Do women go bald?

No really.

Men notoriously go bald, and although a lot of them try to mask it with comeovers, wigs, transplants and toupees, it’s a fact of life.

Do women go bald, and if so how do they deal with it?

And if not, why don’t women go bald?

Not in the same way that men do, and total baldness is fairly rare among women, but “female pattern hair loss” is a real thing. I know several women who suffer from it, and their hair has become very thin and sparse, particularly on the tops of their heads.

They can try minoxidil (Rogaine), though it doesn’t appear to help most of them.

My friends who suffer from it cope by wearing their hair short, and / or wearing caps or scarves a lot.

Edit: an article from HuffPo on it: What Women Can Do About Hair Loss | HuffPost Post 50

Yes, they do. Women lose hair at the same rate as men (same percentage of women as of men), but they lose it in different ways. Women tend to thin, and may have bald spots. Women rarely go completely bald. Treatment for women depends on the cause (causes include polycystic ovary syndrome, thyroid disease, anemia, hormone imbalances, various medications, and pattern baldness). Treatments are similar to those for men, including transplants, and minoxidil. One woman I knew who was fairly young when she started losing her hair ended up just moving to wigs.

I read a variety of sources to put this together. Here is a good overview.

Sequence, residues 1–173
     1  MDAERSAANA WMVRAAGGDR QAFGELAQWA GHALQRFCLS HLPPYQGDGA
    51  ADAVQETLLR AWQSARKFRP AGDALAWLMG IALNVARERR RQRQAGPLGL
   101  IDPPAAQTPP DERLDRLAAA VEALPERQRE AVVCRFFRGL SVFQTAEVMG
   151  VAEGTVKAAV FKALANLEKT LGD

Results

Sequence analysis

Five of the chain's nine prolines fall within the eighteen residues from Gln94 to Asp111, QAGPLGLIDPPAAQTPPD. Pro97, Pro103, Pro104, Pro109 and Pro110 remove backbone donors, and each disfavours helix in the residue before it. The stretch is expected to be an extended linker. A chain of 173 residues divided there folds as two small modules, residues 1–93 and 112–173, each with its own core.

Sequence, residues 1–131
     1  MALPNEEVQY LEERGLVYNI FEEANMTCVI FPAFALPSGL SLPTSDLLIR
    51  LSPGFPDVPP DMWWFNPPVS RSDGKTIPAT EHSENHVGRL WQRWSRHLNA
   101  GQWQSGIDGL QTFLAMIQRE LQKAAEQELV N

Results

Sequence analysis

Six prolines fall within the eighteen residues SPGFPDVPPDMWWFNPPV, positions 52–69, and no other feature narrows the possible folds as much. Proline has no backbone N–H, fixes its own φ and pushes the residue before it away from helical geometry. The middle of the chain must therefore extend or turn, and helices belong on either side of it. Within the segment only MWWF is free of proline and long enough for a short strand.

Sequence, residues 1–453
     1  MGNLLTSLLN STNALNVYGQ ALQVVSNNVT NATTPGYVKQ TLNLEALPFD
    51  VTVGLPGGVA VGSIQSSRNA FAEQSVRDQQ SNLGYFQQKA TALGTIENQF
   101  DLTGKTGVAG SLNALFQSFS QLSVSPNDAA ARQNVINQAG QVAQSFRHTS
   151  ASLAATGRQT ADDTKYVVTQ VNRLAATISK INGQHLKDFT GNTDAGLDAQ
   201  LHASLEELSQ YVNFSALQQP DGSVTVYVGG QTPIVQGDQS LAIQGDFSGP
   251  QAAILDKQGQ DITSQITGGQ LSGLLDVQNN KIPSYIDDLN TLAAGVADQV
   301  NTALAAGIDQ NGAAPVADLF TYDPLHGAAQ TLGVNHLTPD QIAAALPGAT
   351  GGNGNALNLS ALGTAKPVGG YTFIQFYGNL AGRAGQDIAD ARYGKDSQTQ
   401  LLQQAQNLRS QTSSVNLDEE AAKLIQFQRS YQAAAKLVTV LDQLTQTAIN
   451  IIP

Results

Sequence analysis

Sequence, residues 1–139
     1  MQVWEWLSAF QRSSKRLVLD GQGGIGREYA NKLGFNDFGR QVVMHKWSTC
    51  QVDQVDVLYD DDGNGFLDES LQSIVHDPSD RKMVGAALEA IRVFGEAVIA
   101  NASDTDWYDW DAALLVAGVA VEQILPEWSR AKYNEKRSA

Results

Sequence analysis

From, a well respected subscription website for health professionals:

There’s a lot more that could be said about it, but kenobi 65’s link expands on these basics pretty well.

I know two young women who are totally bald due to alopecia. Neither of them like wigs - according to them, they are itchy and hot. So they use scarves, kerchiefs and other head coverings.

As has been mentioned in posts above, as women get older, their hair can thin, sometimes by quite a lot. The women I’ve known who have had that happen have dealt with it mostly via wigs, though generally they are only worn in public, not at home. I haven’t asked, but I have wondered if having some hair makes a wig is less bothersome than if you have no hair, since the complaints I’ve heard have only come from women who are completely bald (and that would include not only the ones mentioned above, but also a couple others I know who were temporarily bald as a result of chemotherapy).

My grandmother was one of those unfortunate women who lost most of their hair relatively young. She wore wigs. When I was born with red hair, it was a conumdrum to my mom because she had never seen her MIL’s natural hair. My mother herself had a slowly receding hairline. I’m guessing my chances for one or the other are fairly high.

Interesting answers.

Thank you.

Anticonvulsants are a major cause of hair thinning for women. My hair was never really thick, but I had a lot of it, but in the last ten years or so, it’s because really thin and I can’t wear it up anymore, because you can see how much of my scalp shows through. (They fuck up my nails, too, so they’re all brittle and peeling)

I’m extremely self-conscious about it. :frowning:

My paternal grandmother wore a wig, because her hair had gotten very, very thin. She had adult-onset Type-1 diabetes, and apparently people who have this, which is an autoimmune disorder, lose a lot of their hair. My FIL was diabetic, and he injected insulin, so I’m assuming he had adult-onset Type-1 as well (he was a Marine when he was in his early 20s, and served in Vietnam, so he couldn’t have been diabetic then). He had male pattern baldness, but even the hair he still had was very sparse, if that makes sense.

My boss wears what she calls a “wiglet” to fill out her hair, because it’s gotten thin. I guess that’s sort of like a woman’s toupee. Hers looks really good, though.